Listen to Cornish being spoken thanks to the BBC

Sunday, October 18, 2009

A recording of Cornish has emerged in a bit of an unexpected place today - an article here from the BBC on the death of languages, as well as their revival. Hebrew is given as an example of a very successful revival and Cornish as a language that is currently in the process of doing so, and includes at the bottom of the article a short story read first in English, then in Common Cornish, then in Modern Cornish, two varieties of the language. Note though that since last year there seems to have emerged an agreement on a single form to use - the Standard Written Form or Furv Skrivys Savonek.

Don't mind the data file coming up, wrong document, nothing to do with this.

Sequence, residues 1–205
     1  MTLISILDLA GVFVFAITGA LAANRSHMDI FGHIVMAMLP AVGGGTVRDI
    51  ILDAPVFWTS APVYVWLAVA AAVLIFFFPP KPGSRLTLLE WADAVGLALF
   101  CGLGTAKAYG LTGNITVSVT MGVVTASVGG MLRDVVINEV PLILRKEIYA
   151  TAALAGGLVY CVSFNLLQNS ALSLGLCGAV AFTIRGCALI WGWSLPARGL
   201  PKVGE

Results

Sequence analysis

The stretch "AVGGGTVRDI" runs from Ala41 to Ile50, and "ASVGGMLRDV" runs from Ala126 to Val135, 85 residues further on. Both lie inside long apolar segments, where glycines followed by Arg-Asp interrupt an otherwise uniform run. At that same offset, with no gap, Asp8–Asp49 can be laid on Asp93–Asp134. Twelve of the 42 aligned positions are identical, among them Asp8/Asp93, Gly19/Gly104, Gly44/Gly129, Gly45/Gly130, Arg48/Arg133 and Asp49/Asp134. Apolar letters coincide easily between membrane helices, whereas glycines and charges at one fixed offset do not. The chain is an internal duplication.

As for the subject behind the article itself - it's something often written about here, but here is my view again: languages are not like rivers where smaller ones flow into larger ones and then disappear but rather like settlements. Small settlements are usually based on one industry and can be wiped out quickly, and opportunities in small towns are few. When a city reaches a certain size though it becomes largely self-sustaining, as once a city is capable of providing its people with the ability to study and work in just about any field there is then little reason to move from one city to another, unless one happens to be particularly ambitious and needs a particularly large city in order to thrive. In this way, languages of a certain size are in no danger of being swallowed up by English or any other language, and well-documented languages once spoken by people who are now living in well-developed and peaceful countries can easily be revived/strengthened if so desired, and this can be seen with languages such as Cornish, Basque, Welsh, and so on.


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